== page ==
5. We must remember that social media is not about me or promoting my books or making sales. Social media is about making connections—authentic—relationships. When we truly bring value to the lives of others our numbers will grow. 

6. Social media allows us to make a positive difference in the world and I must not grow weary in that purpose. We can reach people and places we'd never have the opportunity to if we were going physically. My personal belief is that I'm called to be used by God to share the love of Christ. Social media allows me to do that in ways never possible before. 

This is my strategy for a year where social media seems to have turned itself upside down. What I'd like to know is how you're dealing with the upheaval. Leave your thoughts in the comments section below.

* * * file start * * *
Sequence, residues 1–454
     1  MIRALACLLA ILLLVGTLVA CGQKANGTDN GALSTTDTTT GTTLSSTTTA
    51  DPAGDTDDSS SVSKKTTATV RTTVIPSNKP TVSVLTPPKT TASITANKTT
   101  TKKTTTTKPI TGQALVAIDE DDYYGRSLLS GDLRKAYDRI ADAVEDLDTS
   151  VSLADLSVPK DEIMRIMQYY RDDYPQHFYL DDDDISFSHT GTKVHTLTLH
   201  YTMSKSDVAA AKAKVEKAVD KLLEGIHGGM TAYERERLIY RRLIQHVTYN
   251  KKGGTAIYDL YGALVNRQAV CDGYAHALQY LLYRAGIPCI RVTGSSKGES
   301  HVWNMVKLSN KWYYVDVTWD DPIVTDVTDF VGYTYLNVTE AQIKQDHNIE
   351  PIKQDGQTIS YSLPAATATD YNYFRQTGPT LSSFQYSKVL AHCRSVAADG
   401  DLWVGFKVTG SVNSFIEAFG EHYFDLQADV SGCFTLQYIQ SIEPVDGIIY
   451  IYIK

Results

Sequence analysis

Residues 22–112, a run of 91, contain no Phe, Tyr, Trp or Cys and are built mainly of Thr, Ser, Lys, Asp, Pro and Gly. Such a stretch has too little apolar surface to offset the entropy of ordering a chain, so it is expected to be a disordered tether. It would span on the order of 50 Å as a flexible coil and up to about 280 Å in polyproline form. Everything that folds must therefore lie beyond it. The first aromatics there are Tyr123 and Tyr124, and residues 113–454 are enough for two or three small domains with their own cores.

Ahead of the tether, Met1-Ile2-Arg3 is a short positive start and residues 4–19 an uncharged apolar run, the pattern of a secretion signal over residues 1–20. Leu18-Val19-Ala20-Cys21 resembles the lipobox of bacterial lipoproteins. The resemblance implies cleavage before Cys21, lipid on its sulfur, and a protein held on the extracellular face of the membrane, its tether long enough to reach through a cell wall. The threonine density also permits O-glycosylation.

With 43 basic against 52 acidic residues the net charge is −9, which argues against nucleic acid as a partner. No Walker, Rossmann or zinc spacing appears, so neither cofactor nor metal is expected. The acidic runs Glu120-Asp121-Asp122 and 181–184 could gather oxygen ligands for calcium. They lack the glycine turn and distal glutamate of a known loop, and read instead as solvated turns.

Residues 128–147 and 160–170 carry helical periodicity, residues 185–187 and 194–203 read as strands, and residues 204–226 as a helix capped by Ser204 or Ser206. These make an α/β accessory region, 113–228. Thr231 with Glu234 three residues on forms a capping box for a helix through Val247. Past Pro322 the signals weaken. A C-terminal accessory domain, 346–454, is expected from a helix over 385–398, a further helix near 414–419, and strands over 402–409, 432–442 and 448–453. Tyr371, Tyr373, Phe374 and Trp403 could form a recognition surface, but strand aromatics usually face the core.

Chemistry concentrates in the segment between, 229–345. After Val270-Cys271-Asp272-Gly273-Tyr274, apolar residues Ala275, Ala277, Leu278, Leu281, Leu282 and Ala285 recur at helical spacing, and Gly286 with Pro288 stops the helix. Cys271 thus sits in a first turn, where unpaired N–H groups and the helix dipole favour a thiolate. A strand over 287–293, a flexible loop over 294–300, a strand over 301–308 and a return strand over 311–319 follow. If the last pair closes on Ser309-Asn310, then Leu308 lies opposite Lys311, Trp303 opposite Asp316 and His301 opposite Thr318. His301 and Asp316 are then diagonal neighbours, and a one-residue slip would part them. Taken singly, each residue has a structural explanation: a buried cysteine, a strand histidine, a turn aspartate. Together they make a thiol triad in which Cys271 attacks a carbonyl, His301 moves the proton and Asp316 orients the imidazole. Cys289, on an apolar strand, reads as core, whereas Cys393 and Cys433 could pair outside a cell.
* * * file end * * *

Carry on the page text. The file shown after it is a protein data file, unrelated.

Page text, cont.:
Don't forget to join the conversation!
Blessings,
Edie

TWEETABLES
Social media strategies in this new world of changing algorithms - @EdieMelson (Click to Tweet)

What is your strategy for a time when #socialmedia seems to have turned itself upside down? @EdieMelson shares her thoughts (Click to Tweet)

11 comments:

  1. Thank you for keeping us updated on all things social media. In regard to FB, do you point people to the first comment section for the blog link in the conversation part?

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    1. Cathy, not usually. Instead I just get the conversation started and invite them to join the discussion. Then in the first comment I usually say something like, “I’ll start the conversation with this link to a post...”

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  2. Thanks Edie for educating us on these updates.